read the complaint
You only have to read the complaint that was filed to see that it is much more complex than the simplistic view put forward here for 2 main reasons (though there are other aspects to the complaint also). These would seem to have the most grounds for relief;
1. One claim is that the agreement contravenes Article 1, Section 8 of the United States Constitution.
It does seem to on face value. There is precedent to support this claim. If this is the case then the terms of service could???? be completely null and void.
2. It's claimed that the Huff P engaged in deceptive business practices under New York law in procuring services.
I can see this one getting up. Part of the terms of service was Huff P would provide contributors with valuable exposure but;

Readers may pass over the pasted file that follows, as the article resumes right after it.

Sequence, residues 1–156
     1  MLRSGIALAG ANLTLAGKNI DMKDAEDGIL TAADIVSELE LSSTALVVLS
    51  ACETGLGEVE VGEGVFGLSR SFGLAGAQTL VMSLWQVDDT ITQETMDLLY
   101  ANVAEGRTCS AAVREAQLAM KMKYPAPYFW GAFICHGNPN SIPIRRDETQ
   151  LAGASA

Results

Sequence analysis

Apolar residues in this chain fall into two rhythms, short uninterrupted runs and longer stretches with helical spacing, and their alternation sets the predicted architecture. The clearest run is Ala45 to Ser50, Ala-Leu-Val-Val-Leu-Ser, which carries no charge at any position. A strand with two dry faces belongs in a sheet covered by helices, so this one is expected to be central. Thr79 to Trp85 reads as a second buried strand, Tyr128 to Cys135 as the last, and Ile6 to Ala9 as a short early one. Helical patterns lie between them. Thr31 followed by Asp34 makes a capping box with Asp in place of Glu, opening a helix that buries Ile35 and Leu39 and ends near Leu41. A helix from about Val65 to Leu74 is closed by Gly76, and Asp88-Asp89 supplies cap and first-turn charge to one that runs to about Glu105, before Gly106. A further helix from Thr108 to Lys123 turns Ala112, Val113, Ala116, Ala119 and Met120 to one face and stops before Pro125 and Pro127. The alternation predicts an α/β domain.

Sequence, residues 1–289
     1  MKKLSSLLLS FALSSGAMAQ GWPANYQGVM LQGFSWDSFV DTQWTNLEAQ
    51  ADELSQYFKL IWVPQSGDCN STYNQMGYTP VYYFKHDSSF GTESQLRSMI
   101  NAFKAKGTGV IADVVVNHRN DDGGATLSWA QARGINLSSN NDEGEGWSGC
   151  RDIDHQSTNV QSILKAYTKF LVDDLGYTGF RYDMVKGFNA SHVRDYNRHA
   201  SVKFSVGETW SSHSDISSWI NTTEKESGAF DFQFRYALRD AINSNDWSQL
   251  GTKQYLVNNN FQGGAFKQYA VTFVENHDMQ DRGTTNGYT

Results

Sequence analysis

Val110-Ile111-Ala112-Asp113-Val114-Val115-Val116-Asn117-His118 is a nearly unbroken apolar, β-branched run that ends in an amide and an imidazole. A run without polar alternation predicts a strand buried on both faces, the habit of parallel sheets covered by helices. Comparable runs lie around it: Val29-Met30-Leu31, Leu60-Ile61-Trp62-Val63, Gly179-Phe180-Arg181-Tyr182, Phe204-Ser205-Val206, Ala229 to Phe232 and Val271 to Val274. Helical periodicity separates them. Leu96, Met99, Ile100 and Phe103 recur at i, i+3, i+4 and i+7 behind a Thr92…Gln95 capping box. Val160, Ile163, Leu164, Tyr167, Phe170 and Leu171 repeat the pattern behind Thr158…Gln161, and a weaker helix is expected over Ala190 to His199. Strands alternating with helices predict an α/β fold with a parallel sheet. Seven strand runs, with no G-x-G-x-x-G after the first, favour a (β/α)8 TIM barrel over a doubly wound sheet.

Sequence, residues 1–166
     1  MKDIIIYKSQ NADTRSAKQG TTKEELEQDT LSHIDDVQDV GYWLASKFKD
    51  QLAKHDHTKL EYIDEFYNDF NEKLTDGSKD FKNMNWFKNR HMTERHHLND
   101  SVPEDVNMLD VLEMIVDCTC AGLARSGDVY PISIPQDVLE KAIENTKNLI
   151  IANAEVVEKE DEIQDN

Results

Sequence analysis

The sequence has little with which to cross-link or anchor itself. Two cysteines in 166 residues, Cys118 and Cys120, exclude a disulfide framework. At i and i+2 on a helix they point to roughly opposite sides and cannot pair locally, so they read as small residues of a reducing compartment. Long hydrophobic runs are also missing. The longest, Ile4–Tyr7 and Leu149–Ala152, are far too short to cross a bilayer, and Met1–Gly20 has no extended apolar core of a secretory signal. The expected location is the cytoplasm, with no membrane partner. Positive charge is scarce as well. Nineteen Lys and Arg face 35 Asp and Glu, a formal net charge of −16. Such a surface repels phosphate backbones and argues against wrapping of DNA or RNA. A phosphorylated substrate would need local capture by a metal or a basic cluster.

a. As huff increased the number of contributors, the exposure (thus the value of it) diminished without huff informing the contributors.
b. Although the agreement was Huff P would provide exposure for contributors. The contributors actually drive traffic to the site because huff encouraged writers to promote their articles using their social media accounts and email lists. The contributors provided more exposure for Huff P than Huff P did for contributors, which was not the agreement. In promoting their articles in social media, contributors actually provided Huff P with SEO, increasing their traffic again. So rather than the contributors receiving exposure (promised by Huff P), Huff P was the recipient of exposure (traffic) from the contributors.
c. Huff P told contributors they did not have stats available for individual pages, although they did. This was obviously a tactic so contributors could not assess their true worth to Huff P.